It’s a standard insecure frumpy girl gets a makeover to get a man. In this pygmalion story, Reid is the teacher showing Lucie how to attract a man by wearing the right clothes, exuding confidence, and employing coyness when necessary. There are no surprises in how the story plays out. It was a cute story but supremely superficial. C

Best regards,

Jane

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REVIEW: A Brand New Me by Meg Benjamin

REVIEW: A Brand New Me by Meg Benjamin

Dear Ms. Benjamin:

My blogging partner, Jayne, reviewed a few of your books and I always meant to see read them. When I was perusing the coming soon catalog I spotted the print release of Brand New Me and hopped right over to Amazon to order it. I spent the weekend reading the entire series. The reason why is because they are charming, sexy, and sweet.

Brand New Me Meg BenjaminFor long time followers of Benjamin, this is the first book that doesn’t feature a Toleffson male as the hero but they appear, in full. Having not read the entire series, I didn’t miss the Toleffsons but I was totally intrigued by the writing and their brief appearances to go back and buy all four previous books.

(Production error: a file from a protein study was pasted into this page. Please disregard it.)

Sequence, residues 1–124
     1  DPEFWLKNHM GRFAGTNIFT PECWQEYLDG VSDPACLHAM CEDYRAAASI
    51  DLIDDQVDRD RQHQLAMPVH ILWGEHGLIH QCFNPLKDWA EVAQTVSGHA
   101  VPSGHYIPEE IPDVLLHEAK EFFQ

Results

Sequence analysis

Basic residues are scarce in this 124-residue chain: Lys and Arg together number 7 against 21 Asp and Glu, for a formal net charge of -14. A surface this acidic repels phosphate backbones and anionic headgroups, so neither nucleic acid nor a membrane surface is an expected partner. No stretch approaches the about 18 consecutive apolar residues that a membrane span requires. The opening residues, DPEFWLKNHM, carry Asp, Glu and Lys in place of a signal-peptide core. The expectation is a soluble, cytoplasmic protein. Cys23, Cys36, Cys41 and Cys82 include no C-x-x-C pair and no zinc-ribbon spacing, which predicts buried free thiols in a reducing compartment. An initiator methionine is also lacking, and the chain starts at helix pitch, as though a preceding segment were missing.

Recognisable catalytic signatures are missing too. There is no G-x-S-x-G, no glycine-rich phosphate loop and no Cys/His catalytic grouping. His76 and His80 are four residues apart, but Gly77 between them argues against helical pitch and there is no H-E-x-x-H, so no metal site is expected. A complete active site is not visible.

Before I get into the book, I have give some backstory.  When I first started reading romance regularly, many of the books that I read were category romances I found at the library.  I remember fondly the Candlelight Ecstasy romances, the Rapture romances (who can forget the distinctive maroon covers?), but some of my favorites were Silhouette Desires written by Lass Small and Anne McAllister (McAllister’s are part of the Harlequin Treasury books if readers are interested in checking them out although my favorite – The Eight Second Wedding – is not yet digitized).  There is a sweetness and solidarity to the communities that they wrote about in the late 80s, early 90s.  This entire series kind of swept me back to those books, but in a really good way.  The town of Konisburg, Texas, is a modern version of those communities.  It’s still fairly homogenous (lots of Norwegians down there in Texas) but not as innocent.  The books are all pretty sexy, living up to trademark tongue in cheek warnings provided by Samhain.

This one comes with the following warning:

Warning: Contains dirty dancing, hot summer sex, a honky-tonk makeover, and one nippy iguana.

The honky-tonk makeover could be applied to Tom Ames, the hero; Deirdre Brandenburg, the heroine; or even Tom’s bar, Faro. They all undergo a change, one wrought by their shared experiences, their exposure to each other, and ultimately, the feelings that they develop.